Internal contradictions, Lalu’s absence pull down Grand Alliance like a stack of cards
The Rashtriya Janata Dal (RJD) and Congress-led grand alliance’s (GA) rout in Bihar showed how the rainbow coalition of five secular parties failed to put up a formidable challenge to the Bharatiya Janata Party (BJP) and Janata Dal (United)-led National Democratic Alliance.
Instead, the GA became a victim of internal contradictions.
The GA suffered a more pronounced loss in comparison to the 2014 parliamentary polls when the RJD-Congress- Nationalist Congress Party (NCP) coalition had won seven seats.
This time, RJD, which contested 19 seats, failed to win even one while the Congress, having contested nine seats, won only in Kishanganj.
Other small allies, like the Rashtriya Lok Samata Party (RLSP), the Hindustani Awam Morcha (Secular) and the Vikassheel Insan Party (VIP), could make no impact.
Poll observers said that the secular alliance suffered was routed primarily due to jailed RJD chief and former chief minister of the state Lalu Prasad Yadav’s absence. (He’s been incarcerated because of his role in fodder scam cases.) There were also delays in seat adjustments and RJD’s strategic ploy to give priority to small allies, such as RLSP, HAM(S) and VIP, over the Congress in seat allotments did not yield benefits.
Lack of energy in the campaign steered by opposition leader Tejashwi Prasad Yadav and internal bickering within the coalition were other factors. “Lalu was the cementing force to keep his traditional voters among Yadavs and Muslims, but this did not happen this time. Tejashwi lacked his father’s vote-transferring ability,” said D M Diwakar, former director, AN Sinha Institute for Social Studies, Patna.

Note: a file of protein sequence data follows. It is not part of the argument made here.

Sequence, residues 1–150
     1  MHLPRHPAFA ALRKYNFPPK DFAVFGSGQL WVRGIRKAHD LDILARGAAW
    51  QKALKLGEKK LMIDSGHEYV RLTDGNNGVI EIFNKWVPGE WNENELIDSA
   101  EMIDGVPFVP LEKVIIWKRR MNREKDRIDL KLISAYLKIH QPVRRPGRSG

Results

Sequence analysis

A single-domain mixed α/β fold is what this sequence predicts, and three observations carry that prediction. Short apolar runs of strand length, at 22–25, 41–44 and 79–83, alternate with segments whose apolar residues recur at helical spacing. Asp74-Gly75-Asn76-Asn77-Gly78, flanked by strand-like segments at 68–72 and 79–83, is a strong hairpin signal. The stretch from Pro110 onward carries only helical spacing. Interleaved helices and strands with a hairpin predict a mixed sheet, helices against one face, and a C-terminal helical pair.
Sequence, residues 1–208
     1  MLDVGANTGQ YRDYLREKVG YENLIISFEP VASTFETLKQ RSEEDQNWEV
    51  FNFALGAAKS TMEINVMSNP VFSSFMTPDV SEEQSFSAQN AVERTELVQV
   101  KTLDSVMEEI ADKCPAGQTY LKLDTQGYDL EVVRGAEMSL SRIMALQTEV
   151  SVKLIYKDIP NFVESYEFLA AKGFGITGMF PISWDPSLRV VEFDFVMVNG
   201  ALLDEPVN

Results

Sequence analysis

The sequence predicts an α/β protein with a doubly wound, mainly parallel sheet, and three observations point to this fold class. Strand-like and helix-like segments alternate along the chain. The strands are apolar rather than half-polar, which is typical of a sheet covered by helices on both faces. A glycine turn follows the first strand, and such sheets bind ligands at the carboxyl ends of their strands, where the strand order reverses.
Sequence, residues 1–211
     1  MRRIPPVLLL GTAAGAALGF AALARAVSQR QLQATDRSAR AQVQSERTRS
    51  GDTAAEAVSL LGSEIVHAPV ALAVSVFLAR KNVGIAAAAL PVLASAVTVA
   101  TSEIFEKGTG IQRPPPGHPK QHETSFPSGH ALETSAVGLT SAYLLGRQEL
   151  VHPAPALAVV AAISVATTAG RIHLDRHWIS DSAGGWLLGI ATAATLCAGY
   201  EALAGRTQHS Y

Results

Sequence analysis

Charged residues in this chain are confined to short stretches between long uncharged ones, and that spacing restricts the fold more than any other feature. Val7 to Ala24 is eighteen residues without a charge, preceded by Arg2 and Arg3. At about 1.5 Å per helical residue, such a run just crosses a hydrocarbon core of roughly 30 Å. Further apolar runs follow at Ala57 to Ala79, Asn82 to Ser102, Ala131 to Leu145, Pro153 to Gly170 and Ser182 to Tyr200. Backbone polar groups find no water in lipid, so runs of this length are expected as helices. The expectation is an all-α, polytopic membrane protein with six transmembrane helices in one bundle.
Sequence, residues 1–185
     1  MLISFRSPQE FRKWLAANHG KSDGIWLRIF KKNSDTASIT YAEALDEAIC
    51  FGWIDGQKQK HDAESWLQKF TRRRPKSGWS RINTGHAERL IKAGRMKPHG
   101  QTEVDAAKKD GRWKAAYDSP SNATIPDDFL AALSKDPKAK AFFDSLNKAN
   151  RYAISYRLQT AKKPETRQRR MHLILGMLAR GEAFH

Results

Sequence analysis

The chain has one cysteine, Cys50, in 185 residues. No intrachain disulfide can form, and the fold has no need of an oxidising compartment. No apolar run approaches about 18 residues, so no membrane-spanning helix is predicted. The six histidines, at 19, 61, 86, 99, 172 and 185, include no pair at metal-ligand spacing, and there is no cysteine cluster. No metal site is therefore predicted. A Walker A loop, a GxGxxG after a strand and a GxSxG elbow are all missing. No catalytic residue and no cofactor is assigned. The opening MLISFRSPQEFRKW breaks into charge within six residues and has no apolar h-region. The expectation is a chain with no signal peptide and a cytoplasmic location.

The GA, with a combined vote share of around 45%, looked like a formidable match for NDA’s vote share of 51.60%. However, the NDA’s success in keeping its vote bank intact and its ability to make inroads in rival camps, especially among the Yadavs with the nationalism
rhetoric, proved to be
more than a match for the secular front.
Observers feel the RJD miscalculated its strategy of keeping the Congress on a leash and banked heavily on smaller allies to garner votes from economically backward classes (EBCs) and scheduled caste votes. “RLSP, HAM(S) and VIP are all small parties, having a limited appeal among voters of their castes. The RJD’s caste-based politics also did not work this time as the NDA’s caste arithmetic was more potent with the JD(U) on its side,” said Rajeev Kumar, a political worker associated with the GA.
That the JD(U)’s vote bank worked as a catalyst in all 40 seats for the NDA was reflected in Pataliputra and Arrah, where the GA lost to BJP candidates despite a tactical understanding with the CPI-ML to check the division of secular votes.
GA insiders said delay in seat adjustment and rebel candidates of RJD and Congress contesting against the official nominees in seats like Madhubani, Jehanabad and Buxar spoiled the coalition’s poll prospects even as Lalu’s elder son Tej Pratap Yadav’s rebellious antics sent the wrong message to core supporters.
“Corruption was another plank where the GA was on a weak wicket, with Prime Minister Narendra Modi making it a poll issue to nail the alliance as a coalition of corrupt leaders out to save their skin. It worked for the NDA,” said BJP’s Shambu Kumar.
Ashok Sinha of the BJP said the GA crumbled under the weight of its internal contradictions and vaulting ambition of the siblings of the RJD’s first family.
RJD’s national vice president Shivanand Tiwary said the election results were totally out of sync with existing ground realities and expressed surprise at RJD losing Araria, a seat the party had won in the by-elections just eight months ago.
“We will introspect on the reasons and there is nothing to worry,” Tiwary said, denying the argument that the Lok Sabha results would impact the GA’s poll fortunes in the
coming 2020 Assembly polls.